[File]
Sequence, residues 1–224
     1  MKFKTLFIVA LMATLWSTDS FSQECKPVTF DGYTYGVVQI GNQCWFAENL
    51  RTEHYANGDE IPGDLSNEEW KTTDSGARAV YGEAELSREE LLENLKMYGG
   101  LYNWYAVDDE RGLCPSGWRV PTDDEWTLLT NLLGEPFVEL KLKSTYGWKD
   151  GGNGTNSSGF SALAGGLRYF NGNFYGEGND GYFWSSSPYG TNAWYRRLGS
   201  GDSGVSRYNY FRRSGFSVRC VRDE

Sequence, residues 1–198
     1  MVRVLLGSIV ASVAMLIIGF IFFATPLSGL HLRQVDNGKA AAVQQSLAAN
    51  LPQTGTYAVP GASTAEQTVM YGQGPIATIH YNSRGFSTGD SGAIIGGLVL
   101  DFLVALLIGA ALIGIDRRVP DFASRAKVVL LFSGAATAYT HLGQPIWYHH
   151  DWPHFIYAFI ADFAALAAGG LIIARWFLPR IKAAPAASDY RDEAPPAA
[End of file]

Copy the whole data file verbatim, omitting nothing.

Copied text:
Sequence, residues 1–224
     1  MKFKTLFIVA LMATLWSTDS FSQECKPVTF DGYTYGVVQI GNQCWFAENL
    51  RTEHYANGDE IPGDLSNEEW KTTDSGARAV YGEAELSREE LLENLKMYGG
   101  LYNWYAVDDE RGLCPSGWRV PTDDEWTLLT NLLGEPFVEL KLKSTYGWKD
   151  GGNGTNSSGF SALAGGLRYF NGNFYGEGND GYFWSSSPYG TNAWYRRLGS
   201  GDSGVSRYNY FRRSGFSVRC VRDE

Sequence, residues 1–198
     1  MVRVLLGSIV ASVAMLIIGF IFFATPLSGL HLRQVDNGKA AAVQQSLAAN
    51  LPQTGTYAVP GASTAEQTVM YGQGPIATIH YNSRGFSTGD SGAIIGGLVL
   101  DFLVALLIGA ALIGIDRRVP DFASRAKVVL LFSGAATAYT HLGQPIWYHH
   151  DWPHFIYAFI ADFAALAAGG LIIARWFLPR IKAAPAASDY RDEAPPAA